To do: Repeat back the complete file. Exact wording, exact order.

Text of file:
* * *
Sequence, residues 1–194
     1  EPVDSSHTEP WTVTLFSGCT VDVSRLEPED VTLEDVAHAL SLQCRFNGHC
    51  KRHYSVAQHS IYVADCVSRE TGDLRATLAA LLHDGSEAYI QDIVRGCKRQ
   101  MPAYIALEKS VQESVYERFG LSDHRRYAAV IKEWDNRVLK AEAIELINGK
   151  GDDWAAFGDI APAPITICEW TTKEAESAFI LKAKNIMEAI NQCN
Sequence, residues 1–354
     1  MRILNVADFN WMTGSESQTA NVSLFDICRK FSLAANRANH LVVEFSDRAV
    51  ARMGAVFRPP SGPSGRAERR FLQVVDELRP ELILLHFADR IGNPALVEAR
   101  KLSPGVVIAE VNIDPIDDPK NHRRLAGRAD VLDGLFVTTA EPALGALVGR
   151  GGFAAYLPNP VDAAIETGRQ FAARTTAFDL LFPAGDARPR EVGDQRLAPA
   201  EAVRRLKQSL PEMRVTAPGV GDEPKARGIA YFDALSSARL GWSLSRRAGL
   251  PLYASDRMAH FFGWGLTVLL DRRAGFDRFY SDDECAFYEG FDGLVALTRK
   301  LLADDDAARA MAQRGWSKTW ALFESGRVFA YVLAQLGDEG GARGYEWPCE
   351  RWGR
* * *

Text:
Sequence, residues 1–194
     1  EPVDSSHTEP WTVTLFSGCT VDVSRLEPED VTLEDVAHAL SLQCRFNGHC
    51  KRHYSVAQHS IYVADCVSRE TGDLRATLAA LLHDGSEAYI QDIVRGCKRQ
   101  MPAYIALEKS VQESVYERFG LSDHRRYAAV IKEWDNRVLK AEAIELINGK
   151  GDDWAAFGDI APAPITICEW TTKEAESAFI LKAKNIMEAI NQCN
Sequence, residues 1–354
     1  MRILNVADFN WMTGSESQTA NVSLFDICRK FSLAANRANH LVVEFSDRAV
    51  ARMGAVFRPP SGPSGRAERR FLQVVDELRP ELILLHFADR IGNPALVEAR
   101  KLSPGVVIAE VNIDPIDDPK NHRRLAGRAD VLDGLFVTTA EPALGALVGR
   151  GGFAAYLPNP VDAAIETGRQ FAARTTAFDL LFPAGDARPR EVGDQRLAPA
   201  EAVRRLKQSL PEMRVTAPGV GDEPKARGIA YFDALSSARL GWSLSRRAGL
   251  PLYASDRMAH FFGWGLTVLL DRRAGFDRFY SDDECAFYEG FDGLVALTRK
   301  LLADDDAARA MAQRGWSKTW ALFESGRVFA YVLAQLGDEG GARGYEWPCE
   351  RWGR